There is not “wall of truth” within Christopher Coleman.

Moreover when he says “And this” he shows closeness to the murders.

Maureen Maher: How do you love your wife and be having an affair with one of her best friends?

Chris Coleman: Maybe I wasn’t, you know, selfishly getting what I thought I might should be getting at home as far as with my wife, you know, from the uh physical side of things. But I still absolutely loved her.

Maureen Maher: So why does Tara say that?

Chris Coleman: Uhm, it was discussed on several different things and, you know, it was a conversation but there was no specific plans or no dates or nobody asking each other to be married or anything like that.

Maureen Maher: She also says that you told her that you were serving divorce papers to Sheri.

Chris Coleman: You know, unfortunately, and I feel horrible about it, you know, if I ever talk to… to Tara again of something like that I apologize to her about, that was a lie. I lied to Tara about that.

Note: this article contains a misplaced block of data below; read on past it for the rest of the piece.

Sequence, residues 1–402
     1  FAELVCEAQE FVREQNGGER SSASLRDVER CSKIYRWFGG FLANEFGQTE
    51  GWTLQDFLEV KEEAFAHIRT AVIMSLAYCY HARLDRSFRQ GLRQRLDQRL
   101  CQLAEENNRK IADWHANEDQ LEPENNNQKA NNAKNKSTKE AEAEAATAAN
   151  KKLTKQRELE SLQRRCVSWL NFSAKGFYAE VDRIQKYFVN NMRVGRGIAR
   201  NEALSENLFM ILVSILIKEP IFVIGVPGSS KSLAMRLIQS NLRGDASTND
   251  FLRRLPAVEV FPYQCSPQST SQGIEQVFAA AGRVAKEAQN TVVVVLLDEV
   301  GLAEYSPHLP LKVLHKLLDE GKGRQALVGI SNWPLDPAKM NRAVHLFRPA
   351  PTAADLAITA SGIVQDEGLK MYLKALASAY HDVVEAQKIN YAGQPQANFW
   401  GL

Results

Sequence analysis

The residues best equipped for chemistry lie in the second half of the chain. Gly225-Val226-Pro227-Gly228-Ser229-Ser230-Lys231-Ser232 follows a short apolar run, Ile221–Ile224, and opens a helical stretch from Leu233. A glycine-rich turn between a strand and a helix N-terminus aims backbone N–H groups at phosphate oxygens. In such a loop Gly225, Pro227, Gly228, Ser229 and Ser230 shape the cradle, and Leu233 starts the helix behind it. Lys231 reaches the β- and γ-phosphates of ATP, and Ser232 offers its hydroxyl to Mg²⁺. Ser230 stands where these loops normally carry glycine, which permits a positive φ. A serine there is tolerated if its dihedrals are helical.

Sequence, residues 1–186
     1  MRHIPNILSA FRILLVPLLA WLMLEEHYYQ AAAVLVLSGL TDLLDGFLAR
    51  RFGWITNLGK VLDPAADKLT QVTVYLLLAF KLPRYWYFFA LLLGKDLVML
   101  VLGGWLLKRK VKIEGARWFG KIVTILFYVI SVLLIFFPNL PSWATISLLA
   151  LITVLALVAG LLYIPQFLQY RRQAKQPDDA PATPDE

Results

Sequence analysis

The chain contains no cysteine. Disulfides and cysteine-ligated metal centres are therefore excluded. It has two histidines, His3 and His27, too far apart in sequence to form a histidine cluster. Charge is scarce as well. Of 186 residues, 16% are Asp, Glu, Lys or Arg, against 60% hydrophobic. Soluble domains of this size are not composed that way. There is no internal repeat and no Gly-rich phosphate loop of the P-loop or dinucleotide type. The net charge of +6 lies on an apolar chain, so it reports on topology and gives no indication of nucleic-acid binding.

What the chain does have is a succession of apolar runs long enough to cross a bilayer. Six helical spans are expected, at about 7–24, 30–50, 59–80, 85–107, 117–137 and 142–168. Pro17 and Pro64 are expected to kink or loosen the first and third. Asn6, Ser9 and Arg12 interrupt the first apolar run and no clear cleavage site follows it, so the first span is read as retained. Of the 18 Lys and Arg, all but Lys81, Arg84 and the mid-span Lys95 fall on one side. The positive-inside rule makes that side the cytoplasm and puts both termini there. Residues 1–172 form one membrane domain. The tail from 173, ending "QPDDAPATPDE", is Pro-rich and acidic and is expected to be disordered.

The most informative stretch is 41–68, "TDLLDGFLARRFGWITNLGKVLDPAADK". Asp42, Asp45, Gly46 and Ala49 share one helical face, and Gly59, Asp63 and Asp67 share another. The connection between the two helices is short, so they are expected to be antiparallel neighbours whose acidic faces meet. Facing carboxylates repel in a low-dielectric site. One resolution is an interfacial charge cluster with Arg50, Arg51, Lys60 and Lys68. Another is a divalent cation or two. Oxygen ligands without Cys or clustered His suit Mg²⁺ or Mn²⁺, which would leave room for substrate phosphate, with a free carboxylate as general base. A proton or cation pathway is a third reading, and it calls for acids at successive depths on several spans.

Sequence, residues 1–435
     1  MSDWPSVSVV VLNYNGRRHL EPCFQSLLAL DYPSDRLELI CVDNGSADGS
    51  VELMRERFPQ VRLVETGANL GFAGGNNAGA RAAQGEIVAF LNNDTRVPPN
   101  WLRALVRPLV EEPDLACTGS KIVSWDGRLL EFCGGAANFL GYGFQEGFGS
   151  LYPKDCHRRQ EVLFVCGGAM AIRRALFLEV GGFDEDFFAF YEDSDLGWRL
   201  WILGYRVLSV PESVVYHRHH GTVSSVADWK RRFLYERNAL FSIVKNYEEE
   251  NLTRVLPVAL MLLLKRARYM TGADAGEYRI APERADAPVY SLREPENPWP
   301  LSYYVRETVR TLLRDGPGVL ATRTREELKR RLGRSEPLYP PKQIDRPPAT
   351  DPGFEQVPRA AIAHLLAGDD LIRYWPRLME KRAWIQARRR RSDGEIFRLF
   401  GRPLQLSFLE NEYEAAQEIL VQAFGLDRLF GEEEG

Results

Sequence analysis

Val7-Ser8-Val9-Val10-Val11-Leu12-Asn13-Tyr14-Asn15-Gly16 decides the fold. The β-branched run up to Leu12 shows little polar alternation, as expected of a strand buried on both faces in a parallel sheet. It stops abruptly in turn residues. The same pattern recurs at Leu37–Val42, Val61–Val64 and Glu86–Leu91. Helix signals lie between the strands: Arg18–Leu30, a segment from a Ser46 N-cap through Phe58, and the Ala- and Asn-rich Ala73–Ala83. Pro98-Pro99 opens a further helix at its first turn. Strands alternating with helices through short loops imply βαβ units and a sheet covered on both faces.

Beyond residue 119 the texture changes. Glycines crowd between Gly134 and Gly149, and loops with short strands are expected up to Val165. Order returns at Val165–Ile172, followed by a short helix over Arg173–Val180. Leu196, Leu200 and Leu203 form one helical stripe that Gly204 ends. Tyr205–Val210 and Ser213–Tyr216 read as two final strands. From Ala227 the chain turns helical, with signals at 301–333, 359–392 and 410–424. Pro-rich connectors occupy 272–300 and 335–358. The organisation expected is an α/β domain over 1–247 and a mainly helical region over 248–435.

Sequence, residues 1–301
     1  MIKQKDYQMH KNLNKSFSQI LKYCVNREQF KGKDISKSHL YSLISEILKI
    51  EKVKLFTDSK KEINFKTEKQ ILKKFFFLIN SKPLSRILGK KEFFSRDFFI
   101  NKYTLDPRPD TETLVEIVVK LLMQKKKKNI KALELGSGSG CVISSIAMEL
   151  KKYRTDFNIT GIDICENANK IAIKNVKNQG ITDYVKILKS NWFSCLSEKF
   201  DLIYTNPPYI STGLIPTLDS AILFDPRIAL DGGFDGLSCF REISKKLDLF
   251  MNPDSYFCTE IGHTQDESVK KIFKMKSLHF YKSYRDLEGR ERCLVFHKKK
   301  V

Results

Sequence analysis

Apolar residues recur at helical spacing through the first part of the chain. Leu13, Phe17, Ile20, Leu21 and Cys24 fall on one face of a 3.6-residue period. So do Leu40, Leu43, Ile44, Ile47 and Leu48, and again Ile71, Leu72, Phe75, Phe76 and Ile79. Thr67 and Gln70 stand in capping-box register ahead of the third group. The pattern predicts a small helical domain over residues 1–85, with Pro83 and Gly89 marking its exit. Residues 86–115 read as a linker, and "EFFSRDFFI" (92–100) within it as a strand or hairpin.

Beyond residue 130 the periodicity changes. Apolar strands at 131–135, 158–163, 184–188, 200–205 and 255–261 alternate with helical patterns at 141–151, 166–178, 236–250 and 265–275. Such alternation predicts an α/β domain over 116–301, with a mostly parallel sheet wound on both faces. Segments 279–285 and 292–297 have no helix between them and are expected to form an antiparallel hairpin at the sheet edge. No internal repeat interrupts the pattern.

So if he didn’t murder his family, who did?

Chris Coleman: I have absolutely no clue. Believe me, I have wracked my brain for… for two-and-a-half years trying to figure that part out (laughs). I just had to stop and give it to God, just to release that, do my best and forgive… forgive that person and move on.

The words “Believe me” show a need to persuade, again.

Coleman’s laughs and his desire to “move on” are signals of an Antisocial personality disorder.

TIMOTHY PERMENTER

Karen Pannell and two of her brothers

Pensacola, Florida.

On October 11, 2003, Karen Ann Pannell, 39, was found stabbed to death in her Florida home.

Karen Ann Pannell was a former model and Flight Attendant. At the time of her death she was working for American Airlines as a Customer Service Agent in Tampa, Florida.

She had five brothers, Michael A., Randy, Steve, Michael R. and Robin.

Timothy Permenter, Karen’s boyfriend was the one to call 911. His phone call is incriminating.

Investigators, while processing the crime scene, noted the name ROC written in blood on the wall and a pizza box with three slices missing. According with the autopsy Karen had not eaten pizza on the night of the murder.

ROC is the name of one of Karen ex boyfriends that had an alibi.

Detectives assumed that the killer had eaten the pizza, then after a confrontation he had stabbed Karen 16 times and staged the crime scene to frame Karen’s ex ROC.